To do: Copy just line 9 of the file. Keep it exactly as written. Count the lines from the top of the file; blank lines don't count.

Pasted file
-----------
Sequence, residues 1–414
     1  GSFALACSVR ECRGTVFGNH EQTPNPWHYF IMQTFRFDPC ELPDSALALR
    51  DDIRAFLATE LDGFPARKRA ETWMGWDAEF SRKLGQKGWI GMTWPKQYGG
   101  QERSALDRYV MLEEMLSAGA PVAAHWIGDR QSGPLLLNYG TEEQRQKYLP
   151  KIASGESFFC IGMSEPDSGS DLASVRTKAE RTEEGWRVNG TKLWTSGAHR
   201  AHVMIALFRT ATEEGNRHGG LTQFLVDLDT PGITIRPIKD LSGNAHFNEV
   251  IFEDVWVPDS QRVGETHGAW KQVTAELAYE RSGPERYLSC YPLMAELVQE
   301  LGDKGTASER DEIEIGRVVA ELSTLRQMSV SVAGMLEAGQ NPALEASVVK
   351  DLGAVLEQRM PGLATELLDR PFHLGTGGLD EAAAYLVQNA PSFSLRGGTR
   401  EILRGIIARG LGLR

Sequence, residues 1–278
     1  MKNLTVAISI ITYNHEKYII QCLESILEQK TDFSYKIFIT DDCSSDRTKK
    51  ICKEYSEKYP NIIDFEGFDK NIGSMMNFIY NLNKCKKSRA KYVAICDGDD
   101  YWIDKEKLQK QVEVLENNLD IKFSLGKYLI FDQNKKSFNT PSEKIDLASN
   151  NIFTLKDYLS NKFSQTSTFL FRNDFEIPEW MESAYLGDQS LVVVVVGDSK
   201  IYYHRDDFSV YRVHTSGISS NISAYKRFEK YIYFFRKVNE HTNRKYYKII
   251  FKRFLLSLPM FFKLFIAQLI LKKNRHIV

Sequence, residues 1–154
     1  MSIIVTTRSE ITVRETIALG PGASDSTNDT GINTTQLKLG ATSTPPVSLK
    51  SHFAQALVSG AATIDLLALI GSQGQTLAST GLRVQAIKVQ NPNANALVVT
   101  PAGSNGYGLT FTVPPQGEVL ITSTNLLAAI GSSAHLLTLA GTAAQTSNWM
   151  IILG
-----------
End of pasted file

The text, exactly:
   351  DLGAVLEQRM PGLATELLDR PFHLGTGGLD EAAAYLVQNA PSFSLRGGTR